CRUX is a rather unknown distribution that escaped the swallowing waves of major GNU/Linux trends, like systemd and pulseaudio. It consists of the bare essential components, in their simplest form, that make GNU/Linux a bit more than just the kernel. Services are handled by shell scripts and are meant to start/stop/restart processes spawned in daemon mode, like dhcpcd, crond, etc. The syntax is well-established in Unix-like operating systems and easy to follow. Esentially, anyone could write their own service init script.
Package management, as we know it from other GNU/Linux distributions, was originally not part of CRUX. Much like Gentoo and BSD systems it employs a source-based ports tree located in /usr/ports (though Gentoo has it elsewhere). Building, adding and removing packages is achieved via ‘pkgmk’, ‘pkgadd’ and ‘pkgrm’, respectively. The main tool is ‘ports’ for checking differences between the local and remote trees and notifying which applications may require an update. In recent years, however ‘prt-get’ was written to simplify the management process, especially package dependency resolution. Though I found running ‘ports -u -d’ and ‘pkgmk -d -u’ or ‘pkgmk -d -i’ fun at first, for more complex applications the dependency web and often ‘not found’ errors would get to me. Nevertheless, the BSD feels are surely there. I’m loving it!
Speaking of ports management, there are 3 central repositories that offer the most basic tools and applications – core, opt and xorg. If one wants to go with a minimal system, everything is within those repositories, even utilities like mplayer and feh. Therefore, it is possible to build a rather functional desktop, without the need for extra software. However, in case core, opt or xorg don’t contain all that we need, there is always the ‘contrib’, ‘compat-32’ and user repositories to fill the gaps. Shortly browsing through the full ports collection using either ‘portdbc’ or the website, I noticed a lot is actually available. If not, writing a Pkgfile (basic text file containing information on source code whereabouts, version number, description, etc.) is as simple if not simpler than producing a PKGBUILD (Arch Linux) or ebuild (Gentoo Linux). Speaking of the latter, CRUX is less barebones than Gentoo, because the base system already contains all of the standard tools to get things running. This is favorable, as less things have to be compiled from source, which by the way seems faster than on Gentoo Linux.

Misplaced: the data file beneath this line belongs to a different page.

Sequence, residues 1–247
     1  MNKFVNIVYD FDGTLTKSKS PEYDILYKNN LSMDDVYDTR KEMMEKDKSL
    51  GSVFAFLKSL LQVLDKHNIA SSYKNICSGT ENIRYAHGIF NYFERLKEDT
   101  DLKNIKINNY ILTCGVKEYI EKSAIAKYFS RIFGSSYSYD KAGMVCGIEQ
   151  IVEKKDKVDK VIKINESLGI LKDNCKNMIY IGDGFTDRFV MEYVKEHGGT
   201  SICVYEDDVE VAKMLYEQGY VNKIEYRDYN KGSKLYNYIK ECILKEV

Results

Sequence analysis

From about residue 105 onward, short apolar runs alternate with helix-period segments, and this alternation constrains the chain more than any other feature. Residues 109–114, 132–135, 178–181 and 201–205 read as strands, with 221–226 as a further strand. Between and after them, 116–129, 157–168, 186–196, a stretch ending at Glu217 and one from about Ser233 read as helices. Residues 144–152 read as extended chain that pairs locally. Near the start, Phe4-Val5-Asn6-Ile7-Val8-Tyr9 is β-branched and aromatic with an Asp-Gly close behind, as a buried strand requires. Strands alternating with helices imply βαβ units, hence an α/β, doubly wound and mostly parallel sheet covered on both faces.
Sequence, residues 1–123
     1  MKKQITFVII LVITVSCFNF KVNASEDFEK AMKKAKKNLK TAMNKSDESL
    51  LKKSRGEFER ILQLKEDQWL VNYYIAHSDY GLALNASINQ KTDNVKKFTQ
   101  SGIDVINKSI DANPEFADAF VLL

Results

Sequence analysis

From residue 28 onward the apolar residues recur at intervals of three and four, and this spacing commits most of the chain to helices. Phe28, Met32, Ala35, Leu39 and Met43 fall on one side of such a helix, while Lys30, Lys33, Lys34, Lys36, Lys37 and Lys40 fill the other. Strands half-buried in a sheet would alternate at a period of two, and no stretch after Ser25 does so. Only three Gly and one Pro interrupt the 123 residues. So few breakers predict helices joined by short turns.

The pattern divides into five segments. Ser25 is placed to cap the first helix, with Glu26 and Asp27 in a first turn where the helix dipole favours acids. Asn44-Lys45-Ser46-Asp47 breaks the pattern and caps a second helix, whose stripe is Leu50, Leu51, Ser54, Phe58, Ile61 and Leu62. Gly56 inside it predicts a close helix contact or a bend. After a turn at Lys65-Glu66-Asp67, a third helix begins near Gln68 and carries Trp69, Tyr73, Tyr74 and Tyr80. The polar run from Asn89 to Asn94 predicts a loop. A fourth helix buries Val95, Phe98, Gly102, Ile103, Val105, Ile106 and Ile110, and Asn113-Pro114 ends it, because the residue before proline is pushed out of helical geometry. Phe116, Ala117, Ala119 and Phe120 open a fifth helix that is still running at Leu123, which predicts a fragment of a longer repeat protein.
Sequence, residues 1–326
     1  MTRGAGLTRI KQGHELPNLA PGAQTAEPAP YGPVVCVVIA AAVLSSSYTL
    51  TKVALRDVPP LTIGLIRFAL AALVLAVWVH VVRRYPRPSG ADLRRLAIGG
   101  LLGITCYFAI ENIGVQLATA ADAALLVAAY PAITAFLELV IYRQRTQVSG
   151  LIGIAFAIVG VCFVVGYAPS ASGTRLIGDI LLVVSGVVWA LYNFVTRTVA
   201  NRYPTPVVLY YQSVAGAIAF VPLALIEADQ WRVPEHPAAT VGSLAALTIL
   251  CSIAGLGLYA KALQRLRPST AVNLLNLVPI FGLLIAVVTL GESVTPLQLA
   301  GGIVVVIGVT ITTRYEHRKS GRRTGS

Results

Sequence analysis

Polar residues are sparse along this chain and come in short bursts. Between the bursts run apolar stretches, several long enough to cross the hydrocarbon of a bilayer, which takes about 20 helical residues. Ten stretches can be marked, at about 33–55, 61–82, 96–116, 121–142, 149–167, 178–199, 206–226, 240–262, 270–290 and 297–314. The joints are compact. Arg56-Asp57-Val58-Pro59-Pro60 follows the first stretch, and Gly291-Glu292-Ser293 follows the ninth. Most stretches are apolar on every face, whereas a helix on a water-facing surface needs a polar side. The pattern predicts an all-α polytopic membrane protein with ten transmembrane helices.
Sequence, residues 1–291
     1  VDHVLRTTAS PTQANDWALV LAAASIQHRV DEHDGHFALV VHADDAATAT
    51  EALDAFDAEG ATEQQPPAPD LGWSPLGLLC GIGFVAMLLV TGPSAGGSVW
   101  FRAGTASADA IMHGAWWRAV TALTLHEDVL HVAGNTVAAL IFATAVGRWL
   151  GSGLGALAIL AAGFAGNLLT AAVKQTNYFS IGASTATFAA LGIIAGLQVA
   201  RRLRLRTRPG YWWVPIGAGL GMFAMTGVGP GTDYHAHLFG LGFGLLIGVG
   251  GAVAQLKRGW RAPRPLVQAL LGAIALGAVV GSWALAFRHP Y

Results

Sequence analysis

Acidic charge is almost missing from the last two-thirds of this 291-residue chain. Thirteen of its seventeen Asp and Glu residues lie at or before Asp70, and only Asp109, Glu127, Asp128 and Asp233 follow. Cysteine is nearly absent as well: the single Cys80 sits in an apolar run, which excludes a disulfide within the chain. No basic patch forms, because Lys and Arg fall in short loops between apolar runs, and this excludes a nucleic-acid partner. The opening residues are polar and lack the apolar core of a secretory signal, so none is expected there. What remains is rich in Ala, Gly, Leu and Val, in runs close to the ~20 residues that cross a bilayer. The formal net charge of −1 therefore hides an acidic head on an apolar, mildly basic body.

Boot time is always a bit of a red herring argument and I would not mention it, unless I were impressed. I can tell you, I really am. Getting from the GRUB2 screen to the login prompt takes 5-10 seconds. Since CRUX doesn’t really use a service/process management system like openRC or systemd, the initial log is quite short and somehow resembles that found in FreeBSD. Connecting USB ports, mounting drives, attaching drivers to devices and the likes.
On the downside, everything must be configured by the user. For instance, I tried to install xfce4 as my desktop environment. For some functionalities I had to produce proper polkit .rules myself as the polkit package did not contain any. This is not really the fault of CRUX, but rather that of the software developers who did not add the necessary lines to the sources. Somewhat strange, since those .rules are always necessary for ‘shutdown’, ‘suspend/resume’ and ‘reboot’ desktop buttons to work. Another thing was the kernel for CRUX 3.2 (version 4.1.13). Surprisingly, the .config lacked full information on the graphics stack, though this should have been available since kernel version 3.x at least. In addition, every time I reinstalled and compiled its sources, something would go wrong after reboot. Of course, new kernel sources can be promptly downloaded, from for instance kernel.org, during install and a new kernel compiled. Nevertheless, this is tricky business and one can get easily lost in the plethora of modules and features.
To sum it up, I think CRUX works as advertised. It’s relatively easy to install if someone already went through Arch Linux and the painstik ritual of Gentoo. Software selection is modest, though sufficient to build a functional operating system. I guess the only gripes I would have are against the intrinsic chaos of GNU/Linux rather than CRUX itself. Lastly, it does not promise mind-boggling user-friendliness like Ubuntu or openSUSE and really stays away from the Red Hat extravaganza.